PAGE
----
Last year I wrote a story called “The Elissiad”, it’s set in another version of Earth where Rome fell to Hannibal and a stranded alien ship appeared above the ancient city of Carthage.
Here’s the synopsis:
What if Hannibal Barca and his elephants crossed the Alps and destroyed Rome? What if Carthage became a new Eternal City but with the bread and without the circuses?
Now the city is home to two aliens stranded on Earth who have adopted the personas of the native gods in order to repair their vessel—while accidentally uplifting humanity in the process.
Welcome to the day Carthage learns the truth about their ‘gods’.
Before I was a journalist, before I was an author, I was a sixteen year old bookworm who was trying to choose her A Levels. Religious studies was a given, as was English language given I got a B in my GCSE’s in the subject but what was my third choice going to be?
During an interview at my high school, one of the teachers let slip that Paston College, the local Sixth Form (which for the Americans is where students go to continue their education from sixteen to eighteen), did a course called Classical Civilisations.
Now I’d always loved history and was a huge mythology buff. My parents never told me stories but I did have books; I discovered mythology and remain to this day a hub of obscure information relating to the Greek/Roman and Egyptian pantheons.
By doing this two year course (and the Classics syllubus in my first year of uni), I learned about art, society, religious practises, theatre and the cultures behind the big budget movies (to this day Disney’s Hercules makes me cringe and brings out my inner mythology nerd).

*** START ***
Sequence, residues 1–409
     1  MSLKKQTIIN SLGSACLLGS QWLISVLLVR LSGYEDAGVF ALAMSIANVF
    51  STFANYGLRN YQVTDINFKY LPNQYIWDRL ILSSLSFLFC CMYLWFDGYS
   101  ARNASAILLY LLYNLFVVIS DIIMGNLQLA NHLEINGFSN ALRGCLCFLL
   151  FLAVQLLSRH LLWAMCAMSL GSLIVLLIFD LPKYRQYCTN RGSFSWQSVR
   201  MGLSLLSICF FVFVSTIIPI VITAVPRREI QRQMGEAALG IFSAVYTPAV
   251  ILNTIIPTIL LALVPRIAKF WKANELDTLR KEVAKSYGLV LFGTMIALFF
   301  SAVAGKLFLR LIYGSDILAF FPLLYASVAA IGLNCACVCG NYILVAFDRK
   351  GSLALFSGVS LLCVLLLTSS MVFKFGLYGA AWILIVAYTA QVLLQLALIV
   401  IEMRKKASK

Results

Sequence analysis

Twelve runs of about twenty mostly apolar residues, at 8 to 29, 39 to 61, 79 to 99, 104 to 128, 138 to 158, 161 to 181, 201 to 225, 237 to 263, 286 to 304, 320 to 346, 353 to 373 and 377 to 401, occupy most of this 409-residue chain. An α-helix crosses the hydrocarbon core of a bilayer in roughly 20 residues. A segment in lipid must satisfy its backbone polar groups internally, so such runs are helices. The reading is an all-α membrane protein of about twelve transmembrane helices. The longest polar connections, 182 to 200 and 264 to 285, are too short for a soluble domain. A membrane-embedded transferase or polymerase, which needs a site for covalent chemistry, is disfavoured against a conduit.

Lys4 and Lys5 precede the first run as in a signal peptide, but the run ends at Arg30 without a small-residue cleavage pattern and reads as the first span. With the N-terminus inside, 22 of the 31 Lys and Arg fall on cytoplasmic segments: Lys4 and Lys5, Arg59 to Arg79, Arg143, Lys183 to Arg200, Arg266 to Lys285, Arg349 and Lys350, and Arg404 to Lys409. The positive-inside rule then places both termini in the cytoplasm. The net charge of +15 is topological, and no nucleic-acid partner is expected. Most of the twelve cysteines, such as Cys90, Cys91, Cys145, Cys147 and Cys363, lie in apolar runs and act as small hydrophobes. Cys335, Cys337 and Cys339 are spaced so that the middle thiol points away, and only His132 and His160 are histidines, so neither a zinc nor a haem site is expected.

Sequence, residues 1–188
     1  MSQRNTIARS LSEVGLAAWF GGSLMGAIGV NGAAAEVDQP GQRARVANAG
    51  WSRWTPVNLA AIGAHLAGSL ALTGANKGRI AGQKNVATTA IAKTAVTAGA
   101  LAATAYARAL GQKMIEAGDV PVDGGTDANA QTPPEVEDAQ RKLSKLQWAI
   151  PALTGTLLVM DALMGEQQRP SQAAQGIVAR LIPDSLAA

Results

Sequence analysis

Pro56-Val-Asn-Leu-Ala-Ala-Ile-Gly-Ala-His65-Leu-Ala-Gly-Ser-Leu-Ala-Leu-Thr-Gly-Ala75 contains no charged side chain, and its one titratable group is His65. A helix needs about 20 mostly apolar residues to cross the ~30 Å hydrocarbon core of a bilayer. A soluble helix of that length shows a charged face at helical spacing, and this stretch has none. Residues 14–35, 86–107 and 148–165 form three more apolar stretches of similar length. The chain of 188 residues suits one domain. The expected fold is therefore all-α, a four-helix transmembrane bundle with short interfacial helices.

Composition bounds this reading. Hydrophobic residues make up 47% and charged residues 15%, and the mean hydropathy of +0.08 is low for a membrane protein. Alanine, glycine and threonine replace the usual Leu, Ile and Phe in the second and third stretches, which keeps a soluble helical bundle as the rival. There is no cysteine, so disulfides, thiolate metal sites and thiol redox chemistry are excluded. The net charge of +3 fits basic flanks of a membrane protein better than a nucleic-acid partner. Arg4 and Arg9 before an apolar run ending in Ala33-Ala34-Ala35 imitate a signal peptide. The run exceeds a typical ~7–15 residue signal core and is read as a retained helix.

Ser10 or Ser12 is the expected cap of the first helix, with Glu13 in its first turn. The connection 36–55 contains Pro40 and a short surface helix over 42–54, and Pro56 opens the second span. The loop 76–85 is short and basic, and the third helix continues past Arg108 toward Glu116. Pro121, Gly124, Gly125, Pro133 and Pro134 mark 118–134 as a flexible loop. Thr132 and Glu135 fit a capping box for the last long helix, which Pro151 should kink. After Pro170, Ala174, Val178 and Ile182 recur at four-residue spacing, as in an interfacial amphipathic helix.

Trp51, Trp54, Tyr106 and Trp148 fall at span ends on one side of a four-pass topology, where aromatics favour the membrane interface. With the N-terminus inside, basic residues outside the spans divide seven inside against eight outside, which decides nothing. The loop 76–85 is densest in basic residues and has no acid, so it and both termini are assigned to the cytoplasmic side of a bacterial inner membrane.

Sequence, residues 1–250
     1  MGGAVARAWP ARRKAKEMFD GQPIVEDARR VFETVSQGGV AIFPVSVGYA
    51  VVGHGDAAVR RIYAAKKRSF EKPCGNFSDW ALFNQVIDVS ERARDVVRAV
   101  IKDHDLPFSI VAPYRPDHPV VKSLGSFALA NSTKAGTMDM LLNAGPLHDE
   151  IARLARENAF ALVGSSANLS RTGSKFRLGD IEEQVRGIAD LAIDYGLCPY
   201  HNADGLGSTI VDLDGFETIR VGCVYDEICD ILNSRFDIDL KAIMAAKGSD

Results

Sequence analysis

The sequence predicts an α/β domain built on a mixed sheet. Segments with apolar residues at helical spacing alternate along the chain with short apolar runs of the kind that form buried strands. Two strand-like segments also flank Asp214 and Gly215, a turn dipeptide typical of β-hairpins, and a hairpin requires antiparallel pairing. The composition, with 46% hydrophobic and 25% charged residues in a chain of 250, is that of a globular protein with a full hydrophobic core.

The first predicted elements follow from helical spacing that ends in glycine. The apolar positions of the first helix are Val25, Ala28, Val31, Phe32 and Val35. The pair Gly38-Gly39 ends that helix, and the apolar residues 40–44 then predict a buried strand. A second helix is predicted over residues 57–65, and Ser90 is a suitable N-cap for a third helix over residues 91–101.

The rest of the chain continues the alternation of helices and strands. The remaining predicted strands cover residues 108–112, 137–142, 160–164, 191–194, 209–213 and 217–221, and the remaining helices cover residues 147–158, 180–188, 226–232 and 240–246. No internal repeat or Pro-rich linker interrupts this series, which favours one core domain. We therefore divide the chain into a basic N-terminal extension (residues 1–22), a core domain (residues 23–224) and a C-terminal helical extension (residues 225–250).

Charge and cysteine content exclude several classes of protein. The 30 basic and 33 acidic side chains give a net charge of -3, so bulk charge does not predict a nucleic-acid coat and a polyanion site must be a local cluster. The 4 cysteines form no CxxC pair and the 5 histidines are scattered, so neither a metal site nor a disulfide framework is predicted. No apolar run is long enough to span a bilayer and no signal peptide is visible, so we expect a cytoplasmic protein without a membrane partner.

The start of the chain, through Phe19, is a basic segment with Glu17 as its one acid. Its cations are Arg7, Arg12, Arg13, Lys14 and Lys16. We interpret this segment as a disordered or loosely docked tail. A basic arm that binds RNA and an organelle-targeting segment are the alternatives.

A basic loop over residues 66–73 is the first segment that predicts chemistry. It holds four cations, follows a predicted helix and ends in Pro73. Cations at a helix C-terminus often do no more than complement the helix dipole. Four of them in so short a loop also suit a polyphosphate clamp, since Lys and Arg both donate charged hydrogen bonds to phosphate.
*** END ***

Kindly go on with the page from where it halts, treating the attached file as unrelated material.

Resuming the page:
Carthage and Rome’s rivalry was one of the things we covered simply because one of the books I had to study was Virgil’s Aeneid which is best described as a stylised Roman take on the Illiad and Aeneas’ own Odyssey to find a home for the dispossessed refugees who survived the war against Troy.
Along the way Aeneas meets Dido, Queen of Carthage (known as Elissa in Carthaginian stories) and there’s love and tragedy, ending with a funeral pyre and a deep resentment which the Aeneid pitched as the reason why Rome and Carthage never saw eye to eye.
Historical fiction isn’t normally my cup of tea, at least not until I started reading Jo Graham (whose book Black Ships is her retelling of the Aeneid). But I pitched three ideas to Sam and Alt-Carthage was his favourite so I decided to retell the love story between Dido and her foreign lover with a twist—aliens.
The best part from me was being able to take the real religious and history of Carthage and wind it into my story, finding a reason why children were sacrificed to Tanit, greatest of Carthage’s pantheon and goddess of the city. I wanted Carthage to fall, because all cities must one day end, but in a deviation from the historical records which gave it another century or so of life.
“The Elissiad” is the result.
Alt.History 102 is coming this February and you can pre-order a copy here: www.smarturl.it/alt-history-102